K+ and scorpion toxin stimulate formation of inositol phosphates in guinea-pig ileum longitudinal smooth muscle slices. The response to these two agents is not additive. The response to K+ is inhibited partially by nifedipine and partially by ω-conotoxin. When given together the effect of these two Ca2+ channel blockers is additive and the response of K+ is reduced by more than 80%. The response to scorpion toxin is inhibited completely by tetrodotoxin, partially by ω-conotoxin but not by atropine or nifedipine. Scorpion toxin induces a similar formation of inositol phosphates in collagenase-dispersed cells to that seen in cross-chopped slices. The responses to scorpion toxin and K+ are inhibited completely when the extracellular Ca2+ concentration is reduced to below cytosolic levels (<100 nM). Neither nifedipine nor ω-conotoxin, either alone or in combination, inhibited formation of inositol phosphates by substance P or carbachol. Both of these agonists induced a significant formation of inositol phosphates even when the extracellular Ca2+ concentration was reduced to 10 nM. These results indicate that K+ and scorpion toxin induce formation of inositol phosphates through the mobilisation of extracellular Ca2+. The response to K+ appears to occur predominantly in neuronal cells.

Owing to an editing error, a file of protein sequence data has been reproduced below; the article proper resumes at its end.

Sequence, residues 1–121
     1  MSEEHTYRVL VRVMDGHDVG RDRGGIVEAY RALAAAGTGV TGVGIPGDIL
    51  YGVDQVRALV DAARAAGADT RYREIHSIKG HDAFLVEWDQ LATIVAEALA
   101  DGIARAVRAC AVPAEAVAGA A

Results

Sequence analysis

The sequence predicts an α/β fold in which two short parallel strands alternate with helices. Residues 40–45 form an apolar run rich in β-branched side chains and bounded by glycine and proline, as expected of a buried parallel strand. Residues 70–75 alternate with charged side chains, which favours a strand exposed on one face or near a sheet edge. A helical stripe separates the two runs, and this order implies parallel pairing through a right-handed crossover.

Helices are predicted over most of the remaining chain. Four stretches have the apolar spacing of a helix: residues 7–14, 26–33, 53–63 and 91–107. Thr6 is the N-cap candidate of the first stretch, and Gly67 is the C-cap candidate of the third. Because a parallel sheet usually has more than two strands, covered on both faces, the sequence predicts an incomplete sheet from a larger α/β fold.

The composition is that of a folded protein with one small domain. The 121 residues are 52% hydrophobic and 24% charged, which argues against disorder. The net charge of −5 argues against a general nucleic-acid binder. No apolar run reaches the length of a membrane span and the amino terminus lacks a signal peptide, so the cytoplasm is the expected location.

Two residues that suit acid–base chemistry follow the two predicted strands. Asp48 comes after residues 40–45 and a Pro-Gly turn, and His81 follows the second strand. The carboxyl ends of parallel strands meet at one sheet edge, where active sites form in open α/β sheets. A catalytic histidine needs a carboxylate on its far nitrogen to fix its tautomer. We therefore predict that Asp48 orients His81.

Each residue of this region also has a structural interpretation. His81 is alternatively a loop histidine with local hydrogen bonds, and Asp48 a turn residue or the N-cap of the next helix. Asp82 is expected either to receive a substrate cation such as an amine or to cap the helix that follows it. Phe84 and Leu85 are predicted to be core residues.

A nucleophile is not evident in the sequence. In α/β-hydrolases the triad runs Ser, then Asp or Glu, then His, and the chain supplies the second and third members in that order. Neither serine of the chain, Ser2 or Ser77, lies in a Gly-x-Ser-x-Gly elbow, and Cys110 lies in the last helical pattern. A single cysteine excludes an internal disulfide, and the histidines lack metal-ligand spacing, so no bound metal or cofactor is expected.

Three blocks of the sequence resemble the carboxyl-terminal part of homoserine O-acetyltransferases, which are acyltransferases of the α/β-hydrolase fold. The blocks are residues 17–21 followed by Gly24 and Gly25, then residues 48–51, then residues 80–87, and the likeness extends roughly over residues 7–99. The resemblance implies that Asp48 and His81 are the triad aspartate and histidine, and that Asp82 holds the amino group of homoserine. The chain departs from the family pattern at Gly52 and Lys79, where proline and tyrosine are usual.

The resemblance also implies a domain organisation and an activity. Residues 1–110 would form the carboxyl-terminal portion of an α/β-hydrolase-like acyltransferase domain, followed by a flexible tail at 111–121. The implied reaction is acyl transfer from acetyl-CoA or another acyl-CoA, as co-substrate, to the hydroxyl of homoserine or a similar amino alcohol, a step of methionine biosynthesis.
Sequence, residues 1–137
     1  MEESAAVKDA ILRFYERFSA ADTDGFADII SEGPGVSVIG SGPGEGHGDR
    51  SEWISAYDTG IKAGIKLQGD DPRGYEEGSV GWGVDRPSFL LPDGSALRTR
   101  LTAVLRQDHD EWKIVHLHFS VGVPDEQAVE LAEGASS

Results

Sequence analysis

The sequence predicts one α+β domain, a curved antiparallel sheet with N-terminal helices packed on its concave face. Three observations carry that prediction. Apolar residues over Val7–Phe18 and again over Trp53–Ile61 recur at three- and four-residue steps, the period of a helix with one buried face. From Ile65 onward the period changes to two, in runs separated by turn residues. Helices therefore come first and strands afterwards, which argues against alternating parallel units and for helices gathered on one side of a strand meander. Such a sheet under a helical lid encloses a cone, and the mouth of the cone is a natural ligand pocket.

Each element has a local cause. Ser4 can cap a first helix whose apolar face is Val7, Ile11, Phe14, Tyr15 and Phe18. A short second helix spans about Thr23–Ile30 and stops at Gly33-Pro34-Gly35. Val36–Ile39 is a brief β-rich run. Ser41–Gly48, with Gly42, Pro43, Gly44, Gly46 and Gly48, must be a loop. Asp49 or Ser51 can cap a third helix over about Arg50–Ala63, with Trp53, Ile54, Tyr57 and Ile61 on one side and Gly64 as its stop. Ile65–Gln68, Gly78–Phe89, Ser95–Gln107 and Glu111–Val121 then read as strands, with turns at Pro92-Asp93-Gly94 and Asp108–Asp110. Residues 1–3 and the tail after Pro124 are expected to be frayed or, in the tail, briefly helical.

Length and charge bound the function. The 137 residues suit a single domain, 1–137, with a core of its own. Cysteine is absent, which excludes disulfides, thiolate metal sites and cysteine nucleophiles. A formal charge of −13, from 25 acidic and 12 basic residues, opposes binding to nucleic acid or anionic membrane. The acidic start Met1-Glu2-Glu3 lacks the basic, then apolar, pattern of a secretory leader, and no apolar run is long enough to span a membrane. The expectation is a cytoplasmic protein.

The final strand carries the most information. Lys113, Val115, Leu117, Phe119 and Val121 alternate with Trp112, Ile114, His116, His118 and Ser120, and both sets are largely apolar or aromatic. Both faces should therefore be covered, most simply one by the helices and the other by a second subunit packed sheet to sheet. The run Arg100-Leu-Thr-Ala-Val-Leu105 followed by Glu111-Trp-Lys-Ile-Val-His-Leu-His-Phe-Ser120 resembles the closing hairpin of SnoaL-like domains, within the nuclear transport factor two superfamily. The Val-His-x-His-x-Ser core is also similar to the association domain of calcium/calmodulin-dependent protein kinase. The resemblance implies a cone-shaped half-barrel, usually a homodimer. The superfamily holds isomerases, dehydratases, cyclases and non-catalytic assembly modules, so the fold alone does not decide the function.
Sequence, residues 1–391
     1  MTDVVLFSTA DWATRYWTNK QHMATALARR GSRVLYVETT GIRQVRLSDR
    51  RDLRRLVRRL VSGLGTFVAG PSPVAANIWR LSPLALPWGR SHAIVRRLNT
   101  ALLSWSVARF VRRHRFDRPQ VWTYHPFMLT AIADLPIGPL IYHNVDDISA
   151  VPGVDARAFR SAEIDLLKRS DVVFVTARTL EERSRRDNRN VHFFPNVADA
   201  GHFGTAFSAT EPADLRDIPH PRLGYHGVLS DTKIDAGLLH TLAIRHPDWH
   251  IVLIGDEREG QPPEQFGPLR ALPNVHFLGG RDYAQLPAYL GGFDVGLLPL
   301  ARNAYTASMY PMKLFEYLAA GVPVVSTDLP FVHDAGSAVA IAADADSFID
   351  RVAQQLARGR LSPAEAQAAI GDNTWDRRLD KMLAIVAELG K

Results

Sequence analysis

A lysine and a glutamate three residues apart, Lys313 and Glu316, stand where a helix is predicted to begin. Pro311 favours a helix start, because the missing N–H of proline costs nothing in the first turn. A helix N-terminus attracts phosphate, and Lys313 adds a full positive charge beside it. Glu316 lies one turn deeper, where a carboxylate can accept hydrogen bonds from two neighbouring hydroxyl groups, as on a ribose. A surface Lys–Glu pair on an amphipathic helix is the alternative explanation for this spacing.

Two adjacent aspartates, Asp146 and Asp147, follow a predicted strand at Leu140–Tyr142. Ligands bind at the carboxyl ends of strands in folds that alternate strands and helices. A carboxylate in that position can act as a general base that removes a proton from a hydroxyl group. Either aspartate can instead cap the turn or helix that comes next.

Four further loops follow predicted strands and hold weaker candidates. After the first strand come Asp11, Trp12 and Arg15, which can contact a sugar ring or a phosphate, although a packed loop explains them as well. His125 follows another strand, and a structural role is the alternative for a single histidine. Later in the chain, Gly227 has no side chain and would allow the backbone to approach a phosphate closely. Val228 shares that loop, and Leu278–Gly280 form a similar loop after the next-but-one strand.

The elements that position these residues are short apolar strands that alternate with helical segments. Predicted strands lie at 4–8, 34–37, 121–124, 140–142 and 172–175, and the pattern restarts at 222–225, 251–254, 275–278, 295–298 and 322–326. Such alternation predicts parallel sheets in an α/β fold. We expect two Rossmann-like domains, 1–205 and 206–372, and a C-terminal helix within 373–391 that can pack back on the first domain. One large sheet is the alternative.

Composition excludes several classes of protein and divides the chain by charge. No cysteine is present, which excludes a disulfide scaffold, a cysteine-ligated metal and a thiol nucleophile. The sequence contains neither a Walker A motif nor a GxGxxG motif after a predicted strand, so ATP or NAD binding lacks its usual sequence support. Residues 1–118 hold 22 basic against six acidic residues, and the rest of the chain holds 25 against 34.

|Number of pages||5|
|Journal||British Journal of Pharmacology|
|Publication status||Published - Jan 1 1990|
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